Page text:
National Museum Of Ireland
The National Museum has branches all over Dublin. Visit its Kildare Street buildings and prepare to get stunned by the sheer number and amazing beauty of its prehistoric gold ornaments which include the Ardagh Chalice and the famous Tara Brooch with their Celtic designs.
Dublinia is an interactive exhibition taking you through Dublin in the Middle Ages. Play games in a medieval fair, walk through a rich merchant's townhouse or throw eggs (well, plastic balls) at an unlucky sod locked up in a stock. Great fun for children.
The guided tour of Europe's largest disused prison tells the tragic story behind Ireland's emergence as a modern nation. Built in 1792, Kilmaimham held many famous Irish Nationalists and Republicans from the Society of United Irishmen (1798) to the leaders of the 1916 Easter Rising, who were executed here. The prison was closed in 1924.
Irish Museum Of Modern Art
Housed in the former Royal Hospital Kilmainham, a 17th century home for ex-soldiers, the IMMA stages state of the art exhibitions of international artists and has a collection of Irish contemporary art that is a must see. Don't forget to step outside, check out the amazing Georgian architecture and discover the 17th century maze in the ornamental gardens!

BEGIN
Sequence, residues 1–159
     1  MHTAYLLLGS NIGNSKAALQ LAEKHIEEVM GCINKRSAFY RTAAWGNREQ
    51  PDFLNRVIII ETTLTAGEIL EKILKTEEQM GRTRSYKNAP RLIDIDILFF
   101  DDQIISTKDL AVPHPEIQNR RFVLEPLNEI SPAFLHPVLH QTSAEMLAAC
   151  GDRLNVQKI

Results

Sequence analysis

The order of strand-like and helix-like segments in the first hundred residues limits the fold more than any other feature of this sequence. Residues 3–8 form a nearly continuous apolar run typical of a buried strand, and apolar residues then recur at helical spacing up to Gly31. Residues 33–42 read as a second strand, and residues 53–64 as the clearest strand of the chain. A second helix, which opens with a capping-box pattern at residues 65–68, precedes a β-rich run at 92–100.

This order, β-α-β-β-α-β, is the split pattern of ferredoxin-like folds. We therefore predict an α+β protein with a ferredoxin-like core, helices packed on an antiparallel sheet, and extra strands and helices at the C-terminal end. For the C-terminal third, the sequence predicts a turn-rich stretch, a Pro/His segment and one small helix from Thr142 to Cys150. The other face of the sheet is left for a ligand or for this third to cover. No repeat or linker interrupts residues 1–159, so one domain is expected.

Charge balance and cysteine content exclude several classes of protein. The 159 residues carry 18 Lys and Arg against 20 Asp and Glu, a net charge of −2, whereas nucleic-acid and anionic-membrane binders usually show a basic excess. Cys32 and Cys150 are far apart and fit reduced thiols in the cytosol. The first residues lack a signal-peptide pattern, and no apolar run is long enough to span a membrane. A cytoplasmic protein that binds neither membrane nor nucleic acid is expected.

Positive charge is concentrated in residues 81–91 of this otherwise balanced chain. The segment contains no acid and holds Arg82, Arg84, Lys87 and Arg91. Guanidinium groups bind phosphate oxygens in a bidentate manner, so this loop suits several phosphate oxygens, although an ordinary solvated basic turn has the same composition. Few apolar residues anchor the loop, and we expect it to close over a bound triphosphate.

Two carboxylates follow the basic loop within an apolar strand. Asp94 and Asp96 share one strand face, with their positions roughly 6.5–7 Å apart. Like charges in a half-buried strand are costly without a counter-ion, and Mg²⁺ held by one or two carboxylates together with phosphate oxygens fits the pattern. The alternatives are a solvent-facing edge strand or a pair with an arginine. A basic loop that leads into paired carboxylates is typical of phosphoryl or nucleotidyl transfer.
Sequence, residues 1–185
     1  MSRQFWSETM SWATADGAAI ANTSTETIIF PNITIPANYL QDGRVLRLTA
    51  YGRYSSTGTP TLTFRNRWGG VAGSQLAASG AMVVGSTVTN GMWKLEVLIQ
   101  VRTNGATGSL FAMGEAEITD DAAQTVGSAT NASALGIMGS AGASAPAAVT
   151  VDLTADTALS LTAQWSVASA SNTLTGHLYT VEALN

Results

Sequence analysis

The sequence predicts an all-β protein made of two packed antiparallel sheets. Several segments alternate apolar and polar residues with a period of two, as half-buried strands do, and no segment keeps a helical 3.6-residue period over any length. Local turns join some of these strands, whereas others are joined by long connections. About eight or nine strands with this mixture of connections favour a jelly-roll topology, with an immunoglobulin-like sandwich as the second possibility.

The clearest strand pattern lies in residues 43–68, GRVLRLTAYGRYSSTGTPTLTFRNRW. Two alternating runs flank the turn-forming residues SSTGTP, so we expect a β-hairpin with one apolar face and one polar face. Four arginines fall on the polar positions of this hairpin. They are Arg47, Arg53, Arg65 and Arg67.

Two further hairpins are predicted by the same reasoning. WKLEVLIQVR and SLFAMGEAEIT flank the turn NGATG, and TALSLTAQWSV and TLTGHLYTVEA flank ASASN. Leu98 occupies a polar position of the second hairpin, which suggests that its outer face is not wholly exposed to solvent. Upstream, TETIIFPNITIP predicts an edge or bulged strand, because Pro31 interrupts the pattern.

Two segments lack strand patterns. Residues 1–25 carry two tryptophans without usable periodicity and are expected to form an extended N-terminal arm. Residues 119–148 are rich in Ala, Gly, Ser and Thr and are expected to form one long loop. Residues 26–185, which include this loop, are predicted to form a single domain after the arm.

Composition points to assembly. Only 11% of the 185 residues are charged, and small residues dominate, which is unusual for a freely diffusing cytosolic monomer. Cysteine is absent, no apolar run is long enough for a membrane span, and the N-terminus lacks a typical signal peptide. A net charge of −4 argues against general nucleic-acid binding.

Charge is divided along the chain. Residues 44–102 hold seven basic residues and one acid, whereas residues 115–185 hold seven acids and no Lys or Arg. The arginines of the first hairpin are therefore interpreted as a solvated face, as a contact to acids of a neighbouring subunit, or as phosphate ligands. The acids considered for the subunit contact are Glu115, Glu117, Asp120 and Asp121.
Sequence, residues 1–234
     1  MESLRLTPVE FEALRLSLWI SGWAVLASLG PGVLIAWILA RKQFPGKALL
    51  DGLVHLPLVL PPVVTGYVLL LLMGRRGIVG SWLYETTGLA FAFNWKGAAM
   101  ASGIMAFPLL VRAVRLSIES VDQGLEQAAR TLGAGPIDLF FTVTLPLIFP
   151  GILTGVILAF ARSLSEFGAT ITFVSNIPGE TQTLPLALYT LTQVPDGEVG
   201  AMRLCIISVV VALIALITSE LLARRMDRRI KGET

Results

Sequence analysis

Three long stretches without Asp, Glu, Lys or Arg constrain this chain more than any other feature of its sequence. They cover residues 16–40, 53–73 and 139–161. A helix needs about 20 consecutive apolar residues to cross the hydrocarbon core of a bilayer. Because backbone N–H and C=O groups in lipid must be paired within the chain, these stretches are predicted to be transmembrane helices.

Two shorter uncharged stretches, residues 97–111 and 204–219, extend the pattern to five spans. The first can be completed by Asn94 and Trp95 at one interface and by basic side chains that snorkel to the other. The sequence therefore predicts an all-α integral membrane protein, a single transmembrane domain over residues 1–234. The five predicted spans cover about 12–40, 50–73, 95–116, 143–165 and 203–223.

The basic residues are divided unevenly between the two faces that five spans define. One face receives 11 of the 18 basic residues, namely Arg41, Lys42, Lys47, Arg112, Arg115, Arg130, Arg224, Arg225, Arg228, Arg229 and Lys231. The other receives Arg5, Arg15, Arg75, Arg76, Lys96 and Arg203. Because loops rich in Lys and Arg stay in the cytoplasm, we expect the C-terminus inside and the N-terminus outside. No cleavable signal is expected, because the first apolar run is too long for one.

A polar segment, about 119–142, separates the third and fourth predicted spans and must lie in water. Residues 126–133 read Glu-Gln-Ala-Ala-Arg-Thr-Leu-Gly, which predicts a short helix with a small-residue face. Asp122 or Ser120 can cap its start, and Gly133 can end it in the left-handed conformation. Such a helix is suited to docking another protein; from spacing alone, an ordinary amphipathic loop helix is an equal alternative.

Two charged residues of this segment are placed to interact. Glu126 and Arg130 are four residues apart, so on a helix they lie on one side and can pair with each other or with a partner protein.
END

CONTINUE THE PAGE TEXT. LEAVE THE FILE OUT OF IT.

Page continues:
Hugh Lane Gallery
This elegant town house on Parnell Square houses an eclectic collection of French Impressionists - including works by Monet, Manet and Degas - and Irish art from the 19th-21st century. The gallery contains Dublin-born painter Francis Bacon's full-size studio, which was brought here piece by piece from London after his death in 1992.
National Botanic Gardens
Partake in a great Northside tradition and take a stroll through Botanic Gardens on a Sunday afternoon. It is free, and if the weather is with you, there are few places more relaxing. A lovely little spot that is off the beaten tourist track.
Hidden away in a quiet suburb, this gem of Palladian architecture in Ireland is well worth a visit. The first Earl of Charlemont had the Casino built as a venue for intimate dinner parties, literary circles and the odd game of cards - all very discretely out of sight from his main house further down the hill. He even built a tunnel for his servants to come up from the kitchens of the main house without being seen or spoiling the guests' view over Dublin Bay.
Temple Bar Market
Slurp some fresh Irish Oysters, sample Irish charcuterie and farm cheeses or just drift along with the crowds at this ever popular Saturday foodies market in the middle of Temple Bar. The market is held every Saturday from approximately 10:00-16:30 in Meeting House Square.